Not too long ago, in a meeting with some talented high school students in Harare, Zimbabwe, I was asked my leadership preference; leading from the front and pulling people along, or from the rear, pushing them. In my response, I talked about the need for leaders to create vision, build teams, and have consideration for the personal and professional needs of those they lead. I talked about the US Army motto, “Mission first, people always,” and concluded that perhaps my preferred position to lead from is the middle.


It wasn’t meant to be a glib answer; it just sort of worked out that what I usually did was lead from within any organization. Sometimes I push, but I try not to do that too much. At other times, I’m out front and urging others to keep up, but again, I find that is not the most effective really.

Since that meeting, I’ve been thinking about it, and I think I hit on something that I’ve always known, but just never gave a lot of thought to. Where do the most effective leaders lead from? Part of the problem in coming to a conclusion on that is the way we tend to view leadership, and the very words we use. To lead seems to imply either pushing or pulling, and to follow indicates subordination. But, is that really the most effective way to lead? After some months of reflection, I think not.

I’ve said it and written it many times; the best leaders are visionaries. They are people who see the future, and have the ability to communicate that vision to others and inspire them to take the journey. Sometimes they push, and sometimes they pull, but more often than not, they simply encourage. They get people to go along with them; not through bossing them around from behind, or exhorting from the front. They do it as an integral member of the teams they create. They people to go along, as former US Secretary of State Colin Powell said in his autobiography, “An American Journey,” out of curiosity. They do it because you’ve been able to convince them that your vision can become reality, and they want to go along with you to achieve it. The best quarterback, in the game of American football (and I make that distinction because some of my readers think of football as the English game of soccer) lead their teams not from the front or back, but from the middle of the melee.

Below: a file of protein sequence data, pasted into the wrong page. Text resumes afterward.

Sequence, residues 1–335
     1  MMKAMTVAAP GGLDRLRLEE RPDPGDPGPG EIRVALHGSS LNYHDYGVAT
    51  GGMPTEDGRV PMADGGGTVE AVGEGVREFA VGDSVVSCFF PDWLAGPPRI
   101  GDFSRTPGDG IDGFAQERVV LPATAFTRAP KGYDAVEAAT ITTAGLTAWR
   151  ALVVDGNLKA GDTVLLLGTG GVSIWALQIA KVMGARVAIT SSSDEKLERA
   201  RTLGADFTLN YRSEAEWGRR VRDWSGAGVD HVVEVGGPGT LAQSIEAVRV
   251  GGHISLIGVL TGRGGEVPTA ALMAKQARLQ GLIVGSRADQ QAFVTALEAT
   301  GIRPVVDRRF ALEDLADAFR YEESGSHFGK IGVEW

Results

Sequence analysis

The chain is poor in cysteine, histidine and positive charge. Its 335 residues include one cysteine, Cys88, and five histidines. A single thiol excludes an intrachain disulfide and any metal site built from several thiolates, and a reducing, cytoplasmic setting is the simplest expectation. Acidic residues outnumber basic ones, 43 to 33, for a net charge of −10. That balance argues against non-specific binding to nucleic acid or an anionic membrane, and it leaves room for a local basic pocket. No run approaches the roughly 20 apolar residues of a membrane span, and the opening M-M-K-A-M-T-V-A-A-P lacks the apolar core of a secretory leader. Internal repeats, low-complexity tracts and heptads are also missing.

I’ve been thinking back to my days in the army, when I was taught how to be an effective platoon leader, the first leadership position occupied by most second lieutenants. Even with the US Infantry motto, emblazoned on the base at Fort Benning, Georgia, “Follow Me,” platoon leaders who are most successful in accomplishing their assigned mission do it neither from the rear nor the front, but ‘with’ their men. They share the hardships of their men, letting them know that they will ask nothing of them that they, as leader, are not willing to do. You do that from within, not from in front or behind.

I don’t think I’ve hit on anything new. The most effective leadership is from the middle, from within. Then again, maybe this is something we haven’t thought about enough. I think it’s worth further study, and I fully plan to research it more thoroughly. I hope those of you reading this will be willing and eager to go along with me.



Sunday, October 23, 2011

US Army Blackhawk flying over lake near Phoeniz, Arizona

Chinook Helicopter from Singaporean Air Force

A Huey coming in for a landing

HH-60 being refueled by a C-130

Air Force HH-60 and Pararescue specialists

Air Force HH-60 Pavehawk

High Flying Fill Up

High Flying Fill Up

Sunrise Over Dakar

Sunrise Over Dakar

Death of a Dictator: Those Who Live by The Sword Find an Inglorious End

Death of a Dictator: Those Who Live by The Sword Find an Inglorious End

Saturday, October 22, 2011